Her dress was of the same colour as the car. Her griffins alighted at the portico of the castle, whither Bonnebonne and her niece had repaired to do the honours to the Fairy, and assist her to descend. After the first compliments, Arganto confessed to Bonnebonne that not being able to understand the pleasures of retirement, and disgusted by some disagreements at Court, she had wished to judge for herself of the pleasures and cares of a life like hers, and that, in order to be perfectly enlightened on the subject, she had come to the resolution of passing some days with her.

                Bonnebonne kindly replied that she would willingly satisfy her, and hide nothing from her. "The beauties of nature," added she, "are the pictures which I study; its fruits are my treasures; its secrets the object of my researches, and my pleasures are solely dependent on the happiness of others. Infancy is the state of humanity which can be made the most happy; you will find me, therefore, only surrounded by the prettiest children nature has produced."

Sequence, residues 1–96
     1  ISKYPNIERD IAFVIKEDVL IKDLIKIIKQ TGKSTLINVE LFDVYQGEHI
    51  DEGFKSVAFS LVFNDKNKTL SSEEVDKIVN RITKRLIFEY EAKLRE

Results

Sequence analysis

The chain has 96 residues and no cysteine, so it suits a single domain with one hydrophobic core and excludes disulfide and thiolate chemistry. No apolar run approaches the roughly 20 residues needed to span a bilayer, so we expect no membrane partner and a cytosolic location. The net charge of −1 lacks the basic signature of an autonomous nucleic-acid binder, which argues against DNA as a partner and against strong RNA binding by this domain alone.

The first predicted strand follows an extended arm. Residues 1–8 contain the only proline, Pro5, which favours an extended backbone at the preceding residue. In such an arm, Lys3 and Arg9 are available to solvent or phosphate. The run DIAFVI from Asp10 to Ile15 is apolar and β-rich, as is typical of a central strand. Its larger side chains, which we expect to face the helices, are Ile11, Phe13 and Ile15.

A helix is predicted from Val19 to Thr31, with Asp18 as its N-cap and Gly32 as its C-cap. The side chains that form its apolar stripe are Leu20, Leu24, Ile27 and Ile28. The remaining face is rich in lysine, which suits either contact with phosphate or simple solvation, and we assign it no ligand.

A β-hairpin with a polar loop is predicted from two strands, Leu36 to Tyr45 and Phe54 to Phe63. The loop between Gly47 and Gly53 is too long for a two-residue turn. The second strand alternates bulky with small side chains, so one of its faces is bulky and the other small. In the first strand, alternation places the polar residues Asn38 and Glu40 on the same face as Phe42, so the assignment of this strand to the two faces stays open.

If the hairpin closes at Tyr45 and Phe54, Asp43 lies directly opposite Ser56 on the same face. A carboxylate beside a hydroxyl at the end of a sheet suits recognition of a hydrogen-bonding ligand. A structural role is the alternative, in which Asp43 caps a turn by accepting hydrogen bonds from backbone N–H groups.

So saying, she led Arganto further into the Island, at each step encountering troops of little children of both sexes and all ages, whose natural manners inspired true gaiety; some danced, others played at blindman's-buff, some amused themselves playing at "ladies and gentlemen," in short they passed quickly from one fancy to another; their characters were thus developed, and it was easy to imagine what each would become at a more advanced age. Arganto thought this recreation of Bonnebonne very poor; she judged of it as a person of fashion, that is to say, with contempt. She told her companion that she could not conceive the pleasure of such amusements, unless some ingenuity was employed to improve them: it was in vain that Bonnebonne eulogized them. She would not be persuaded; at length, continuing their walk, they met Bleuette and Coquelicot, conversing together, who saw nothing but themselves in nature, and who had no pleasure, no wish, no occupation nor will but in common.